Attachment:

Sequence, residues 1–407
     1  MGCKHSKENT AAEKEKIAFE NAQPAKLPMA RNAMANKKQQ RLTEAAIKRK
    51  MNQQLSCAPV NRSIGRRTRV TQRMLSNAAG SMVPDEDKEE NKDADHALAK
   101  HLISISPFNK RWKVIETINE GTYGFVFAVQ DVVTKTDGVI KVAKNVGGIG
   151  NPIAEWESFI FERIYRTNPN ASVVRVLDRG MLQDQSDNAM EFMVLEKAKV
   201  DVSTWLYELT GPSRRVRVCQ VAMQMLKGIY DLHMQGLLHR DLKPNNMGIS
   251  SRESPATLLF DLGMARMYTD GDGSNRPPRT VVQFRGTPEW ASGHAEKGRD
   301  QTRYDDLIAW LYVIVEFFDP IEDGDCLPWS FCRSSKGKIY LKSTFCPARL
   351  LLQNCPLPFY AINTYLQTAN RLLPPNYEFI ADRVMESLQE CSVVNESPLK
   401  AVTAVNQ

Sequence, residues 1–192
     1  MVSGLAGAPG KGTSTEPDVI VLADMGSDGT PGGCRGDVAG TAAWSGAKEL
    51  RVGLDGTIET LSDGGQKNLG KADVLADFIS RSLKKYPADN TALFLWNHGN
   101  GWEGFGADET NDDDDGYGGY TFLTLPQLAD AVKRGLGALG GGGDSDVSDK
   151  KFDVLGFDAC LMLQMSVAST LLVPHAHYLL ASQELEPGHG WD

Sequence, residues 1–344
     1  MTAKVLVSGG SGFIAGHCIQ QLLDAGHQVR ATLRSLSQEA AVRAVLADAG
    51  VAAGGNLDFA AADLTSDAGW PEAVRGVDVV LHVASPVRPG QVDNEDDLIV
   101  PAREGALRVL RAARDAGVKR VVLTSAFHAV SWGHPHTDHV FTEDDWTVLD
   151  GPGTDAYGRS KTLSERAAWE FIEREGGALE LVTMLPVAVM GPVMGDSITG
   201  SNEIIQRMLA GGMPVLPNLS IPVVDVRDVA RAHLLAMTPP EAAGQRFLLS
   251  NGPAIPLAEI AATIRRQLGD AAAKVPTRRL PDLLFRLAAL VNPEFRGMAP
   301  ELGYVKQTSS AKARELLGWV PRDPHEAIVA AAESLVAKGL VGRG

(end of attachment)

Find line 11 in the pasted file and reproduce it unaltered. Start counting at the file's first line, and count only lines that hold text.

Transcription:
Sequence, residues 1–192